Could Barclays Africa find a familiar home?
The news that Barclays intends to retreat from Africa after 100 years of doing business there was one of the most eye-catching lines from the new chief executive Jes Staley.
In recent years, former chief executive Antony Jenkins and before him Bob Diamond had described Africa as an important growth market for the bank.
Admitting it was a difficult decision, Jes Staley explained it was a decision taken to de-risk the bank. Owning a majority share meant Barclays had to hold a lot more capital as a buffer against mishap with, what regulators consider, a risky asset.
Barclays Africa employs 45,000 people, a third of Barclays' global workforce, so it is not an easy thing to sell and the list of potential buyers is not a long one.
At the top of that list is... you guessed it, ex-Barclays chief executive Bob Diamond.
Mr Diamond left Barclays under the cloud of the Libor rate-rigging scandal having lost the confidence of the governor of the Bank of England.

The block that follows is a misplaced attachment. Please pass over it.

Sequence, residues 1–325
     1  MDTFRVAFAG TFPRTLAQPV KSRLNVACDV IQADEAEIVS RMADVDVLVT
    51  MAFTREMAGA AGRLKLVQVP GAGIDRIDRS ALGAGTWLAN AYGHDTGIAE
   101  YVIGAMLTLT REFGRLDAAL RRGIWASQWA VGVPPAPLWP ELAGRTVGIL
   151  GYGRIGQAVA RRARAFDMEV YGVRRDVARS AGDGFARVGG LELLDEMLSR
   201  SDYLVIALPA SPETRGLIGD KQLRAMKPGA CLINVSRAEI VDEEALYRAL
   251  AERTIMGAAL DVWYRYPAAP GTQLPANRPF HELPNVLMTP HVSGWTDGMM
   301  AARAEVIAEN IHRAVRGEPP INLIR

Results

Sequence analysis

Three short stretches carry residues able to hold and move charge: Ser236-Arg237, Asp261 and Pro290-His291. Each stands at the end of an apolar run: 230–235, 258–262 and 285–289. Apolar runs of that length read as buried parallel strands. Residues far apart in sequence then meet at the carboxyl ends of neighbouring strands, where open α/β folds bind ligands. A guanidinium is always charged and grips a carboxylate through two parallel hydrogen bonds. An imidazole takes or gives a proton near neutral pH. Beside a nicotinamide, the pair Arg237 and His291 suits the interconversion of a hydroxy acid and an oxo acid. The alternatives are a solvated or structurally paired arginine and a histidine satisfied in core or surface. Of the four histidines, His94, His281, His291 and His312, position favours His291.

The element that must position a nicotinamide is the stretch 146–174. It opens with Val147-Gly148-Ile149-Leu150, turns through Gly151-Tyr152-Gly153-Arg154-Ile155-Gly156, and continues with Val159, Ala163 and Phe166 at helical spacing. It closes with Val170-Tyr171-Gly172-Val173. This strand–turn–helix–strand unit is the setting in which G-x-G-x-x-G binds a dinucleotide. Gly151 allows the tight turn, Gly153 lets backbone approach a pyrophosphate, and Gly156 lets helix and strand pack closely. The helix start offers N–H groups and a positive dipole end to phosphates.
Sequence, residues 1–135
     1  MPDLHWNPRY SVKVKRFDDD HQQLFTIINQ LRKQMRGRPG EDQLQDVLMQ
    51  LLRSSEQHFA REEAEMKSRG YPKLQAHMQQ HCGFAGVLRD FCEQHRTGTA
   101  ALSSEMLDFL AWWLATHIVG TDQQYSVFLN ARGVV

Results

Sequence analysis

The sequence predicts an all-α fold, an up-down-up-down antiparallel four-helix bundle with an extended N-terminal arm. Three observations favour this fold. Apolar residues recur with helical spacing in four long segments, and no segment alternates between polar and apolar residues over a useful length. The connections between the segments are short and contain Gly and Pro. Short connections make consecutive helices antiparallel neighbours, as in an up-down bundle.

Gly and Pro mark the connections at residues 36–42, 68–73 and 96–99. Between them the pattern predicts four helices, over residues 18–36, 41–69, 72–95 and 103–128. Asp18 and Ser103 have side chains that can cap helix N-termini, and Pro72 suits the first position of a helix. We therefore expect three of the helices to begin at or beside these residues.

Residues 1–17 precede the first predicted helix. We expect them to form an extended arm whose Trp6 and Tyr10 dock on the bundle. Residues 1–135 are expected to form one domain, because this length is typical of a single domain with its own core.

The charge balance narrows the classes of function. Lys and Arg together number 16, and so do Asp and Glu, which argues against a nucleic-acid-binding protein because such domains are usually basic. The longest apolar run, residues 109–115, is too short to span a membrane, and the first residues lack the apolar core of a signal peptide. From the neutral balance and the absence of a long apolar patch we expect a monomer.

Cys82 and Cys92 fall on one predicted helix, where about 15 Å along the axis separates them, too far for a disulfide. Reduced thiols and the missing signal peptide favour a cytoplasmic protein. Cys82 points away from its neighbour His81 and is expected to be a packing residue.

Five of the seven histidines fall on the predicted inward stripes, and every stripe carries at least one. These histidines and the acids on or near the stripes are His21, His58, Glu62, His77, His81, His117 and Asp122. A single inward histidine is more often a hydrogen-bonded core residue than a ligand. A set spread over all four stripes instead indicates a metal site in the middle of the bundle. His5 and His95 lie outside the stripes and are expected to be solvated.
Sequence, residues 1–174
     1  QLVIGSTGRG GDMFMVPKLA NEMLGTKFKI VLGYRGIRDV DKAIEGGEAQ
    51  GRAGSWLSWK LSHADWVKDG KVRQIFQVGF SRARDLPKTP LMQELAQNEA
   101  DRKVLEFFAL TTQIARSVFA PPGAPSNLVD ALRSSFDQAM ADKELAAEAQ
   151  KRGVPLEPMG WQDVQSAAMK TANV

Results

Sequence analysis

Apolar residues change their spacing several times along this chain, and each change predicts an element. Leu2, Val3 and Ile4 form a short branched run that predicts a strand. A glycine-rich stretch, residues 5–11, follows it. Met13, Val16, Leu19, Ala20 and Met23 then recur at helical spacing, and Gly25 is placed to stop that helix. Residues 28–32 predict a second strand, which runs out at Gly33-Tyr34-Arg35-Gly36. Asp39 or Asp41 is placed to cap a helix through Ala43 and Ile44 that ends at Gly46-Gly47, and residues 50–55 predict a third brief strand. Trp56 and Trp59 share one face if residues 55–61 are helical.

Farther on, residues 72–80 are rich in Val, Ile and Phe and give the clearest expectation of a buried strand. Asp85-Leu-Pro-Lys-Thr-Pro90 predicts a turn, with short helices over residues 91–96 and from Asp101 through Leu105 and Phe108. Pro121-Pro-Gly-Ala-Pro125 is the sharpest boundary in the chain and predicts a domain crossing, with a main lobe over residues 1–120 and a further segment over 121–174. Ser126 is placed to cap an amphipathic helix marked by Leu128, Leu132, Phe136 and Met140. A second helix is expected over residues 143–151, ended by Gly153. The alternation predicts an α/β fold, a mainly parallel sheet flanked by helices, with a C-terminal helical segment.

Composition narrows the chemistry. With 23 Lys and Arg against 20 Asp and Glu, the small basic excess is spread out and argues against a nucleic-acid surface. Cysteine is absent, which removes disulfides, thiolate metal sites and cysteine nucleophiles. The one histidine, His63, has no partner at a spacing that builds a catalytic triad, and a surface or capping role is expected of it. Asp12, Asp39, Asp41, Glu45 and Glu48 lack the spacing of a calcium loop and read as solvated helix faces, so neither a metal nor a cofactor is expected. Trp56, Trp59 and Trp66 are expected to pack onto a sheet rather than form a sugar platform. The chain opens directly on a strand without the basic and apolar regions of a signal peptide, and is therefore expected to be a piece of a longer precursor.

Once described as the unacceptable face of banking by Peter Mandelson, Bob Diamond went on to create an African banking venture called Atlas Mara with ambitions to create a sub-Saharan banking business.
As chairman he has appointed another ex-Barclays man, John Vitalo, as chief executive. Before joining Barclays, Mr Vitalo ran Absa Capital, the investment-banking arm of the South African lender Barclays bought control of in 2005.
I am told that although Atlas Mara may currently lack the firepower to buy the whole business, it would be interested in acquiring some of Barclays' African business.
There is no guarantee this curious circle will be completed - other interested parties could include Gulf and Chinese interests - but Bob Diamond and John Vitalo know this business inside out and Barclays certainly have their numbers.